But I suppose that a low-budget TV movie didn’t have the technical resources to stage a nor’easter. What’s more, a big budget film would have meant big stars, investors, publicity campaigns. The story of the Battle of Trenton might have gotten swallowed up in the special effects. The Crossing, for all it’s flaws, does manage to convey why the Battle of Trenton took place, what it meant, and how Washington pulled it off. While it may contain some poetic license, the dialogue between Washington and his subordinate Colonel John Glover, for example, masterfully stages the tensions between the Virginia plantation owner and his cranky, democratic soldiers from Philadelphia and New England. Did Glover actually insult a host at a dinner party? Who knows, but the real Glover certainly could have made the speech rejecting aristocrat privilege and the Anglican church. When Washington orders Glover to commandeer the Durham boats he would later use to make the crossing, the movie makes it crystal clear that he considers it an option of last resort. Glover demurs. Washington takes responsibility, even though he knows that if the Continental Army makes it a habit of strong arming supplies from local farmers and business owners that the British would eventually win the war.
For the Battle of Trenton itself, director Robert Harmon does a lot on a shoestring budget. Unlike Ted Turner’s Gettysburg, which also starred Jeff Daniels, we don’t really get the sense we’re watching middle-aged reenactors. Perhaps the small scale of The Battle of Trenton made it easy to stage, but the clumsy staged explosions and flying bodies notwithstanding, The Crossing does capture the terror the Hessian soldiers must have felt when they realized they had been outflanked and surprised by Washington’s troops. Whether or not the scene where Alexander leads an attack on a Hessian blockhouse is perfectly true to history isn’t important. It captures the brutal quality of close combat, of “going in with cold steel.” The exhilaration Washington must have felt when he realized he had captured Trenton with no deaths — the only two Continental soldiers who died during the attack died of exposure — comes across loud and clear.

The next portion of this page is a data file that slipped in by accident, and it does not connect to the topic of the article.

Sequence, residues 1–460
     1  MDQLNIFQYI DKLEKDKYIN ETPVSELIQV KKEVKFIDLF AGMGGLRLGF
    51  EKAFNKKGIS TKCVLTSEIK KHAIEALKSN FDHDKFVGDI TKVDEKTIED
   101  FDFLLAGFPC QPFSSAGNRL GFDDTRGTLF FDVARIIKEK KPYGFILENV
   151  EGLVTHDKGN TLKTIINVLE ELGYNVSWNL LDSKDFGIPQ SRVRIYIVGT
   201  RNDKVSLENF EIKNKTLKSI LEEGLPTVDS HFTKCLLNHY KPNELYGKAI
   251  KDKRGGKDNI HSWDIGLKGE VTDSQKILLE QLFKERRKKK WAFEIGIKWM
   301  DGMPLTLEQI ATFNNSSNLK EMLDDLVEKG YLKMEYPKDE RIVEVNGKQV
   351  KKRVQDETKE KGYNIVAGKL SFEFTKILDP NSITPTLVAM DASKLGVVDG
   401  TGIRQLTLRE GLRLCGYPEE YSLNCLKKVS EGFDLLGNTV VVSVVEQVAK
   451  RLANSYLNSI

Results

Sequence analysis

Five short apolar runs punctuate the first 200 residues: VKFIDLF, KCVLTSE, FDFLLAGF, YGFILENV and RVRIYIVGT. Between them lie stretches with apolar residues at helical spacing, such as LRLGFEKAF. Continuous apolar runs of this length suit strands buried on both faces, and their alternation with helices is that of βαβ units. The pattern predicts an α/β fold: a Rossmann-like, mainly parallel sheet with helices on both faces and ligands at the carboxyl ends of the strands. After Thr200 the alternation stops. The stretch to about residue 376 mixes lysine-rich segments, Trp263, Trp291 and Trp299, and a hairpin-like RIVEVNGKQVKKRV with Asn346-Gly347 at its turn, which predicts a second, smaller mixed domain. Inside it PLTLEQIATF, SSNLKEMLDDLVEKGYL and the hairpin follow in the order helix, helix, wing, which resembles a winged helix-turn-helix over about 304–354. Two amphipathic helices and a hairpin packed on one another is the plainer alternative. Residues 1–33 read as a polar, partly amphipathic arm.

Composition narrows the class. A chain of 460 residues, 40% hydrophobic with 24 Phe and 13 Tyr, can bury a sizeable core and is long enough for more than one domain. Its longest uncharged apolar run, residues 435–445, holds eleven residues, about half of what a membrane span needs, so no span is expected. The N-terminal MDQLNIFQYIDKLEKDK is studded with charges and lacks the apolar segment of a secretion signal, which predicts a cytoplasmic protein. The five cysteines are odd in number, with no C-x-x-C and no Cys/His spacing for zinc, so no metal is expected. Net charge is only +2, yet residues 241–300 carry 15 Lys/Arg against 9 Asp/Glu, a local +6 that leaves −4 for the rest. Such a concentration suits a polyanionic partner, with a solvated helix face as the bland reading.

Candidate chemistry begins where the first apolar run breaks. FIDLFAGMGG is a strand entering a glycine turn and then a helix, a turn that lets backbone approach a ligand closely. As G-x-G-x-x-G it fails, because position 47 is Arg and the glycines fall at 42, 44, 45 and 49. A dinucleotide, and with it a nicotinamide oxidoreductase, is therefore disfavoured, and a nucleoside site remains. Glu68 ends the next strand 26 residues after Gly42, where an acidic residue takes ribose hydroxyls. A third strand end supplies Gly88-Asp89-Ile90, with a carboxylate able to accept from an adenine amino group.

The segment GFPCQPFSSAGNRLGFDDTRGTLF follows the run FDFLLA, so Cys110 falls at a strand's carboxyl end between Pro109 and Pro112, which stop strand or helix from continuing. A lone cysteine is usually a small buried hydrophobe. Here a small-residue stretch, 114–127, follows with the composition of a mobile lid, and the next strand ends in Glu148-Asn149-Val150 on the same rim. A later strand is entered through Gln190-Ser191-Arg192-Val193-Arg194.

Johann Rall is portrayed as a bit of a dandy, a man who takes the time to get dressed and groom himself, even after he’s informed that his camp at Trenton is under attack. There’s really no way of knowing what Rall did in those final hours before he was killed, but the film does convey just how much he was taken by surprise. Contrary to popular mythology, the Hessian soldiers weren’t sleeping off a hangover on the morning of December 26th, 17776, but Rall certainly wasn’t expecting Washington to move against him in force. He hadn’t put out flankers or advanced patrols. Perhaps he had been watching weather reports circa 2014, where every little snowstorm is built up into the monster blizzard that never comes. Maybe he thought the Americans were all out at the supermarket stocking up on bread, toilet paper, and snow shovels?
Final historical note: Colonel John Glover had black soldiers under his command in The Marblehead Mariners. As Princeton historical David Hackett Fischer makes clear in his book Washington’s Crossing, they also staged riots against white racist troops from Virginia. There’s a black soldier in Emanuel Gottlieb Leutze’s classic painting. But Glover’s black soldiers aren’t portrayed in The Crossing.